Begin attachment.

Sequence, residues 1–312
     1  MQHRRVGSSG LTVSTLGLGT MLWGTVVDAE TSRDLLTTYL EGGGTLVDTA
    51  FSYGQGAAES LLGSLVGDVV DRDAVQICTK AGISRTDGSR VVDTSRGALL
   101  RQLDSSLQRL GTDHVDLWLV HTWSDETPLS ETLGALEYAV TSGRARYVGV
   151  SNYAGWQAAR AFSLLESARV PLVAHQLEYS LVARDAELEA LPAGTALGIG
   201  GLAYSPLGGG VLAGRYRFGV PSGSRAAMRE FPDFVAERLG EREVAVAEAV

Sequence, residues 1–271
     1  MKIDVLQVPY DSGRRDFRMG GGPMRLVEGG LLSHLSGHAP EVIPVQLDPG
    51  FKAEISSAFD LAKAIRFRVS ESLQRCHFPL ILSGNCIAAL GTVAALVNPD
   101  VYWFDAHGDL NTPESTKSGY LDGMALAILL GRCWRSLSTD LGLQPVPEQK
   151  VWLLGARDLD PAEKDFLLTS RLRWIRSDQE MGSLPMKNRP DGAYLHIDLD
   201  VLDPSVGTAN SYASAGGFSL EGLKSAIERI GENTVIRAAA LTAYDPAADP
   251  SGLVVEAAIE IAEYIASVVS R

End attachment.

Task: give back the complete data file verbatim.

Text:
Sequence, residues 1–312
     1  MQHRRVGSSG LTVSTLGLGT MLWGTVVDAE TSRDLLTTYL EGGGTLVDTA
    51  FSYGQGAAES LLGSLVGDVV DRDAVQICTK AGISRTDGSR VVDTSRGALL
   101  RQLDSSLQRL GTDHVDLWLV HTWSDETPLS ETLGALEYAV TSGRARYVGV
   151  SNYAGWQAAR AFSLLESARV PLVAHQLEYS LVARDAELEA LPAGTALGIG
   201  GLAYSPLGGG VLAGRYRFGV PSGSRAAMRE FPDFVAERLG EREVAVAEAV

Sequence, residues 1–271
     1  MKIDVLQVPY DSGRRDFRMG GGPMRLVEGG LLSHLSGHAP EVIPVQLDPG
    51  FKAEISSAFD LAKAIRFRVS ESLQRCHFPL ILSGNCIAAL GTVAALVNPD
   101  VYWFDAHGDL NTPESTKSGY LDGMALAILL GRCWRSLSTD LGLQPVPEQK
   151  VWLLGARDLD PAEKDFLLTS RLRWIRSDQE MGSLPMKNRP DGAYLHIDLD
   201  VLDPSVGTAN SYASAGGFSL EGLKSAIERI GENTVIRAAA LTAYDPAADP
   251  SGLVVEAAIE IAEYIASVVS R